Senate Republicans unveiled a second-edition Better Care Reconciliation Act (“BCRA2”) to modify the Affordable Care Act, but a handful of GOP senators quickly killed it. The biggest innovation — two separate individual markets — still warrants a postmortem because the idea is likely to resurface — in which case, this article becomes a premortem.

Sens. Ted Cruz, R-Texas, and Mike Lee, R-Utah, originated the dual-market concept, though Lee ultimately helped kill BCRA2. The bill would have allowed insurers to sell insurance that didn’t comply with ACA individual-market requirements, including guaranteed issue (must sell policies to anyone), modified community rating (no higher premiums for sick people), and Essential Health Benefits (medical conditions every plan must cover). Non-compliant plans would be allowable only where compliant plans were also available.

Democrats argued this two-segment configuration would initiate a market death spiral in the compliant segment, with healthy people gravitating toward low-cost noncompliant policies and sicker people limited to high-cost compliant policies (and rising premiums forcing some to drop coverage). Republicans countered that the ACA’s individual market is already in a death spiral. Both parties’ fears were plausible, but uncertain, with outcomes dependent on a complex dance of insurers, potential enrollees, and state and federal governments.

The ACA forces healthy individual-market enrollees to subsidize sicker people’s policies, leading some healthy people to decline coverage. (Hence the Republicans’ assertion that an ACA death spiral is already underway.) BCRA2 would have shifted the financing burden onto taxpayers, by amplifying two ACA mechanisms — premium subsidies for consumers and a stabilization fund for insurers. In this way, the compliant market would have resembled state high-risk pools that Republicans have long advocated.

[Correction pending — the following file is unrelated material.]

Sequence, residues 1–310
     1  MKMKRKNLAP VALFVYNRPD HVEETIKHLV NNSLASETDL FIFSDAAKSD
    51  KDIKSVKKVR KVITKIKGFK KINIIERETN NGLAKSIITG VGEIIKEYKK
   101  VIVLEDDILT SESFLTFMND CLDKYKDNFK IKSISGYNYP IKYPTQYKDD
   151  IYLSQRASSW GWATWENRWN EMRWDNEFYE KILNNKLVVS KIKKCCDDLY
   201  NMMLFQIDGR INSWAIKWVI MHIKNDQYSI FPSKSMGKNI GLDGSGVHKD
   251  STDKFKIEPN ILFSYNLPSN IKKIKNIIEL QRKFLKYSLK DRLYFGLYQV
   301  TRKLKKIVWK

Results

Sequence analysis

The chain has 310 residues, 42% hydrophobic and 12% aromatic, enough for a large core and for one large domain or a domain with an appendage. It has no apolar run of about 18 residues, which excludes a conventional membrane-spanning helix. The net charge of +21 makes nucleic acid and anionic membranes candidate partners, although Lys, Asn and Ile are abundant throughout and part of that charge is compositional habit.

What might have happened?

States could have rejected the dual-market option, leaving only compliant policies available and Democrats’ fears unrealized.

States might have restricted the features of noncompliant policies enough to minimize the distinctions between the two markets or frustrate the ability of insurers to separate cleanly healthy and sick enrollees, effectively maintaining the ACA’s strictures.

The federal government could have subsidized the compliant segment enough to render coverage affordable for those with pre-existing conditions. Democrats correctly note that state high-risk pools were notoriously underfunded, stranding many without coverage. Republicans argue similarly that Democrats overestimate the government’s ability to force young and healthy people to subsidize sicker people. Both parties display unwarranted certainty that their chosen mechanisms will adequately finance comprehensive coverage to all with pre-existing conditions.

Perhaps BCRA2’s most serious complication was that the compliant market would itself split into two distinct groups. In the compliant market, premium subsidies would have partly shielded those with incomes below 350 percent of the Federal Poverty Level — but not those above that line — from premium increases. Both the higher- and lower-income groups would have been subsidized by a “stabilization fund” (“bailout,” some say) compensating insurers for remaining in otherwise unprofitable markets.

BCRA2’s outcome would have depended heavily on the characteristics and vagaries of consumers. How many people have pre-existing conditions that make it difficult for them to obtain coverage without heavy subsidies? Most likely, Republicans grossly underestimate and Democrats grossly overestimate the number. The actual number can also vary with regulatory whim. And beyond that, it’s notoriously difficult to predict consumers’ responses to prices and taste for risk. Congressional Budget Office estimates of ACA enrollment, for example, have been woefully inaccurate, and its much-cited estimates of BCRA2 rested on indefensible assumptions.

The segmented market’s viability would have depended on the federal government’s willingness to finance ACA-compliant coverage for those with pre-existing conditions. Under current wording, the stabilization fund is temporary and, perhaps, modest in size. But of course, the federal government’s temporary obligations often grow and become permanent. Expansive funding might have stabilized the compliant market. Skimpy funding could have desiccated it, driving sicker people into the noncompliant market or out of coverage altogether.

Moving from ACA to ACA+BCRA2 would have been a leap from one great unknown to another. Given the limited and uncertain generosity of healthy insurance purchasers and taxpayers, the same is likely to be true of other attempts to tie up neatly the pre-existing conditions problem — especially if guaranteed issue, modified community rating, and extensive benefit mandates pertain to part of the market.